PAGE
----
While weather and lake observers say the ice could still melt, time is running out.

Minnesota's fishing opener is just around the corner, causing worry for fishing guides and others faced with ice-locked lakes.

This year's opener is May 11. While weather and lake observers say the ice could still melt, time is running out. And anglers in Wisconsin have even less time: The fishing opener there is a week earlier.

"Sure I'm worried," said Tom Neustrom, a longtime guide in northern Minnesota. "The problem is you can't rebook. You don't have the days. I'm booked solid for later in May and June through July. It's the same for the resorts, and those are the ones I'm worried about."

The St. Paul Pioneer Press (http://bit.ly/17BCwSX ) reported that a late ice-out isn't usually great for early-season walleye fishing, but no ice-out is worse: There are low odds that ice would be safe enough for ice fishing.

"I think it might be too little, too late," said Scott Toshner, a fisheries biologist with the Wisconsin Department of Natural Resources for Bayfield and Washburn counties. "I would say there's more of a chance there will be ice than no ice."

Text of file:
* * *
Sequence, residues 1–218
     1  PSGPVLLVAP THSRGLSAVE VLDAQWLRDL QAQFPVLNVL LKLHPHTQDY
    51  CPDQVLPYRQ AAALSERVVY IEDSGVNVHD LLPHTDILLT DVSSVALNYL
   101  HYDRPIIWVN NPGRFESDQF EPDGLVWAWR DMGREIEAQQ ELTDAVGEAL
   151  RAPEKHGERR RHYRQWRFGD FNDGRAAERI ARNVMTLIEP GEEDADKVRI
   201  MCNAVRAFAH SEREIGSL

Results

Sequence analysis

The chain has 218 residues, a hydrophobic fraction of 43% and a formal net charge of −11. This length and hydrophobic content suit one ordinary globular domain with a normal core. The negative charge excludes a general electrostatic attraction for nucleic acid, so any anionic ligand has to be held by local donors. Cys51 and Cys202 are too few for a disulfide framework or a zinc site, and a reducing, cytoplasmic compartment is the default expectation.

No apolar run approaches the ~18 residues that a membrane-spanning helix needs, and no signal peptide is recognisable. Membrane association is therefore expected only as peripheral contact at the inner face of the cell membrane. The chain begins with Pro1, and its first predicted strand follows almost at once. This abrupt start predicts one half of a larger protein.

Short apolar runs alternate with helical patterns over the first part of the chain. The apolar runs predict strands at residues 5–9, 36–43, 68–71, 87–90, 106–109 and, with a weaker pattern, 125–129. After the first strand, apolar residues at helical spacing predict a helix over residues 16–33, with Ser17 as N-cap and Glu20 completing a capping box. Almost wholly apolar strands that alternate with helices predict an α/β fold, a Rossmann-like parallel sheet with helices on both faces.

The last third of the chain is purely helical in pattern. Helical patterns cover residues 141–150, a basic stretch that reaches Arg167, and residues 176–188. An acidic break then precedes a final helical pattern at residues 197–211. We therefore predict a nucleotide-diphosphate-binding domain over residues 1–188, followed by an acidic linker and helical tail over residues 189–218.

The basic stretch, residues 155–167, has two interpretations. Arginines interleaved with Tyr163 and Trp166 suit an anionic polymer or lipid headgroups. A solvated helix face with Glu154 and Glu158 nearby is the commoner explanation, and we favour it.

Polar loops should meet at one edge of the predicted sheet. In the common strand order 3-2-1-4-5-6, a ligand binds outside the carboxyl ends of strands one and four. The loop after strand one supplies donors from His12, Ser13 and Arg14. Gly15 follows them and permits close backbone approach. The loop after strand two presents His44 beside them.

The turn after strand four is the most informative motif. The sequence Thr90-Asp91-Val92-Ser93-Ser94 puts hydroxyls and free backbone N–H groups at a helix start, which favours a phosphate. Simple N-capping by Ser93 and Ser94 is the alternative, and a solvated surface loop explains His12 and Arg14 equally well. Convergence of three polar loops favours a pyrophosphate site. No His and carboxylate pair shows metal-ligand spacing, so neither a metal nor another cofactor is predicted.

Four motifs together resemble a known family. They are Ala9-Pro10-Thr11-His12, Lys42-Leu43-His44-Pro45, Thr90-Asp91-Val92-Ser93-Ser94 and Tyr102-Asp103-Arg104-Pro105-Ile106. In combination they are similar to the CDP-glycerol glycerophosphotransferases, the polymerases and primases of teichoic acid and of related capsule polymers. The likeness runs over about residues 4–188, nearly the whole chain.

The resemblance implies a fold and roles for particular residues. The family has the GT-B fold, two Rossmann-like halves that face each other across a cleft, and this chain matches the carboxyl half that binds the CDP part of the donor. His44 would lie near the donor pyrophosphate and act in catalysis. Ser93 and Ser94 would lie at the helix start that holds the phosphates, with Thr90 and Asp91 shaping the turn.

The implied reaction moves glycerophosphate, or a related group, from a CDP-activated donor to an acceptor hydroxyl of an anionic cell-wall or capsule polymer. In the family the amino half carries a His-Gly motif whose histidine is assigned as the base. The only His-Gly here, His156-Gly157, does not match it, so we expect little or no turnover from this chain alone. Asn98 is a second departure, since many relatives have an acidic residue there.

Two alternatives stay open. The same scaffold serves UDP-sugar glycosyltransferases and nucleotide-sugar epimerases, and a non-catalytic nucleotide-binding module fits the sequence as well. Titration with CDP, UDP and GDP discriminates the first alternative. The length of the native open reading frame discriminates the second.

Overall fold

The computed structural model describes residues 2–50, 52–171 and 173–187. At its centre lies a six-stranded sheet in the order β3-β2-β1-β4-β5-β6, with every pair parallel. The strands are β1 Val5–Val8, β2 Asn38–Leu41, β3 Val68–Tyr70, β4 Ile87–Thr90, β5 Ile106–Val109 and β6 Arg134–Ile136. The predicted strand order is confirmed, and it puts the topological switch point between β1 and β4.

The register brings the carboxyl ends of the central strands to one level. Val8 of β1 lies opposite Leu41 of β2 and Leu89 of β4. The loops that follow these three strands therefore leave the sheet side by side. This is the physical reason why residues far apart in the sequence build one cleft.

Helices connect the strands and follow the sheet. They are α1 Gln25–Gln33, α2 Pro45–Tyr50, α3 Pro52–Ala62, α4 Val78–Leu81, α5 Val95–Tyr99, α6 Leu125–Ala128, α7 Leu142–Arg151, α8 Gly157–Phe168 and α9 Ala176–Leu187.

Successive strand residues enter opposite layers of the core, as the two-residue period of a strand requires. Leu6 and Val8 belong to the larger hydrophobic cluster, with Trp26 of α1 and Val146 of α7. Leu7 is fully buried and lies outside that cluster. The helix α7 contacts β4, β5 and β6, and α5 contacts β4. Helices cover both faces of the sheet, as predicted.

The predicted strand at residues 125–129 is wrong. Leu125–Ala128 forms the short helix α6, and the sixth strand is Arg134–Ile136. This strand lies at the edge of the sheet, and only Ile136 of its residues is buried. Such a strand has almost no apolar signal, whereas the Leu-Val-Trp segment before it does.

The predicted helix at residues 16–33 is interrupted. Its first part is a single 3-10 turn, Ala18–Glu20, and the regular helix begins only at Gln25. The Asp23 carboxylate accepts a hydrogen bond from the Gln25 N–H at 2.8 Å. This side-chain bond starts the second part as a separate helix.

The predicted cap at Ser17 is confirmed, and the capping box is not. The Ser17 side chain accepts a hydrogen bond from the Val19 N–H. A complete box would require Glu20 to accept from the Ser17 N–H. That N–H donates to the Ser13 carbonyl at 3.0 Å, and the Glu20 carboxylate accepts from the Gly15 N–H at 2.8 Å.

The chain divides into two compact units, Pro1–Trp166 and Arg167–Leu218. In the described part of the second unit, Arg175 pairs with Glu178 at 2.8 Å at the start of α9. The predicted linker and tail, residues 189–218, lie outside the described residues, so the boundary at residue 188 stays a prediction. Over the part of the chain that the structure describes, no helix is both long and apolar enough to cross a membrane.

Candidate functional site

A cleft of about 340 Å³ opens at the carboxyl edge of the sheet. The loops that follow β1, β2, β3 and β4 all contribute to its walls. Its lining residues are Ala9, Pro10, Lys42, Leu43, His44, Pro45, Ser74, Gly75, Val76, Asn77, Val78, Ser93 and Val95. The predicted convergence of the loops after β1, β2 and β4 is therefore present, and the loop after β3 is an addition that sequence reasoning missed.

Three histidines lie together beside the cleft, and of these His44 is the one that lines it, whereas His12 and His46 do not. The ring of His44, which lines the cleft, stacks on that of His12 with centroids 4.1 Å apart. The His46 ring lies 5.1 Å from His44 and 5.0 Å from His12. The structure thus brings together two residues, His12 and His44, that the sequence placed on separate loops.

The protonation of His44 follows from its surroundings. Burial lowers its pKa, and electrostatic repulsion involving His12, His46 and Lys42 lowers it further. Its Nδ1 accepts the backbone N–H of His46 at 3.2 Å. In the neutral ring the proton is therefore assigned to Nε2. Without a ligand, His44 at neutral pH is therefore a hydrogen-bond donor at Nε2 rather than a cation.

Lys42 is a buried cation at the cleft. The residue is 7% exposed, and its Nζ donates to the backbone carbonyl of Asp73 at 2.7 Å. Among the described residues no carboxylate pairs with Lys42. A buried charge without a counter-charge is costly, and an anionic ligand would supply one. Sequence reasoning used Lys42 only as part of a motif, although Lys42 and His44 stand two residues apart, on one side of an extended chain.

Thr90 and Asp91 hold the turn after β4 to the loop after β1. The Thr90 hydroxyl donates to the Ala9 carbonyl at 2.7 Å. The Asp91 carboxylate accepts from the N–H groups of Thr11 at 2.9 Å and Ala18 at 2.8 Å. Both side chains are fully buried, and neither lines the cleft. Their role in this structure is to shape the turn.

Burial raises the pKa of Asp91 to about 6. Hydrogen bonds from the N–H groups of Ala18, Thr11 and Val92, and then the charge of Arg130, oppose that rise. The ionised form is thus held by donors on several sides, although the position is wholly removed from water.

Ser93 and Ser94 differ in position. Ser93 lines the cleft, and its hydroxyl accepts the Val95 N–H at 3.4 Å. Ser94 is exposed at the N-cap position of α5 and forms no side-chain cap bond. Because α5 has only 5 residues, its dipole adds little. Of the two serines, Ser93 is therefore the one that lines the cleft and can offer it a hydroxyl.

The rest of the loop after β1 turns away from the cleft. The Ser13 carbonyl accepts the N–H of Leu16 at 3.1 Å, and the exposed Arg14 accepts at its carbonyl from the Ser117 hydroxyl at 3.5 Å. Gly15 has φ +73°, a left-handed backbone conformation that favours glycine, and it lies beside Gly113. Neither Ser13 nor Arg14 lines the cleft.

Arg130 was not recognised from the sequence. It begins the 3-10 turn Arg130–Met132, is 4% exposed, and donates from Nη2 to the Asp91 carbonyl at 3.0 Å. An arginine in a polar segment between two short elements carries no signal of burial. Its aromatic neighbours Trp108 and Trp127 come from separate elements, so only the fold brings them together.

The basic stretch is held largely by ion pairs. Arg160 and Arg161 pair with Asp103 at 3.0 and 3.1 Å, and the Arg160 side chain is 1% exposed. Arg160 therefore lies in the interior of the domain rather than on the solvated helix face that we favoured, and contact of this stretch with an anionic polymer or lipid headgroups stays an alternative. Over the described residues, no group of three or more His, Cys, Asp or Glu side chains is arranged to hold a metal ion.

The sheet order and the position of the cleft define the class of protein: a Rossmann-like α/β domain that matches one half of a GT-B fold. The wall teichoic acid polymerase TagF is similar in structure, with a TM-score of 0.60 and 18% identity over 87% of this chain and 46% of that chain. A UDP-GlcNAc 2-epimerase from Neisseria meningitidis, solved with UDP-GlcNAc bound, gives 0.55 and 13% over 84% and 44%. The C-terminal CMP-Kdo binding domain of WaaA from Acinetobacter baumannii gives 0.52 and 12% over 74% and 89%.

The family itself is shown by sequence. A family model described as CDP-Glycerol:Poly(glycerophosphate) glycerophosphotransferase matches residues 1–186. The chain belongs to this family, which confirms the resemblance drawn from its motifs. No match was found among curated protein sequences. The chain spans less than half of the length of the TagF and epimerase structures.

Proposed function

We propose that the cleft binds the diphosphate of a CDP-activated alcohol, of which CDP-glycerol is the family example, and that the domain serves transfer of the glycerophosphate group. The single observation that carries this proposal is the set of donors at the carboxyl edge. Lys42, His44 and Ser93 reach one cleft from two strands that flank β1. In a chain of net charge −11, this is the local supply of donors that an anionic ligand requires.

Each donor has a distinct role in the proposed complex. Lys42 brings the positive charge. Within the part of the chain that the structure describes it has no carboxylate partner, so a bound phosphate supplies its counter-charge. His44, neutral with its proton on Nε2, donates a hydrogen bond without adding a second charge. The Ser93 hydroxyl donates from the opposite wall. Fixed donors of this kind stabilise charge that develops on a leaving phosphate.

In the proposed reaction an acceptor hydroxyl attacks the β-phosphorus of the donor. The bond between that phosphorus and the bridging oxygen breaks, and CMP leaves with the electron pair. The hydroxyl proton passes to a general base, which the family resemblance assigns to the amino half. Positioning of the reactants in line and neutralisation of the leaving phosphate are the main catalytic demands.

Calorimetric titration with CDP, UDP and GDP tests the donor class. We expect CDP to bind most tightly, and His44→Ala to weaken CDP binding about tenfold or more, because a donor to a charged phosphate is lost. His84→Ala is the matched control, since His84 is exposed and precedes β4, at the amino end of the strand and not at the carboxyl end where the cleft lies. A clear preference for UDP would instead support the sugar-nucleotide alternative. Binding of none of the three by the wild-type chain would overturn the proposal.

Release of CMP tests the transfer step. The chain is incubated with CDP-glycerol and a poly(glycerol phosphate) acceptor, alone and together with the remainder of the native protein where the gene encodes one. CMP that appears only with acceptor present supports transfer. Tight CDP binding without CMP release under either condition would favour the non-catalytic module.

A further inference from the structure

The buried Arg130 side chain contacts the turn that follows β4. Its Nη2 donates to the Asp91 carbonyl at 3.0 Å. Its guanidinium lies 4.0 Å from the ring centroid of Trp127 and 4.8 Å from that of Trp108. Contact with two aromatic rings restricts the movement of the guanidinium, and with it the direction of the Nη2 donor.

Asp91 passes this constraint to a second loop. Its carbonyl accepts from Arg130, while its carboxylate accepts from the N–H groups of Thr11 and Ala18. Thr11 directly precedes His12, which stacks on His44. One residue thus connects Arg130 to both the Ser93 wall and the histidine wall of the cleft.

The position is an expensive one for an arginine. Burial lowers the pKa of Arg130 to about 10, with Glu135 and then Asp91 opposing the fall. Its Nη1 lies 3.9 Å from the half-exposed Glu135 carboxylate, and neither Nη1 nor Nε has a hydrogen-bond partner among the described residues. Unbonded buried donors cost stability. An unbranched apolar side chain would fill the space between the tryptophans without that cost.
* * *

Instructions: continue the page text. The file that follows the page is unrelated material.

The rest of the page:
Gov. Scott Walker's fishing opener is in northwestern Wisconsin, on Lake Namakagon near Cable. Organizers of that well-publicized event haven't started making other plans, but they are preparing to.

"I'm just an optimist," said Deb Sterchy, executive manager of Wisconsin Indian Head Country. Lake Namakagon was also mostly frozen when the governor's fishing opener was held there in 1996. Then, festivities involving Gov. Tommy Thompson stayed in Cable, but legitimate fishing was moved to the Eau Claire Chain of Lakes.

"I would guess they'll have to go farther south this year," Toshner said.

Some resort owners are taking the weather in stride.

"We still have 2 feet of ice out there, so there's nothing we can do but wait and see," said Kelsey Gensmer, an operator of Angler's Haven Resort on Lac Courte Oreilles in Hayward, Wis. "It's certainly not convenient, though."

While Minnesota has an extra week on Wisconsin, the northern half of the state generally has more ice and snow.

As of late last week, more than 30 inches of ice remained on many lakes, including Lake Winnibigoshish, Lake Mille Lacs and Fish Hook Lake near Park Rapids, where the Gov. Mark Dayton will hold his annual opener.

"Right now we're pretty optimistic," said Alyssa Ebel, a spokeswoman for Explore Minnesota, which coordinates the governor's opener. "There is not a set contingency plan right now, but people are talking about it."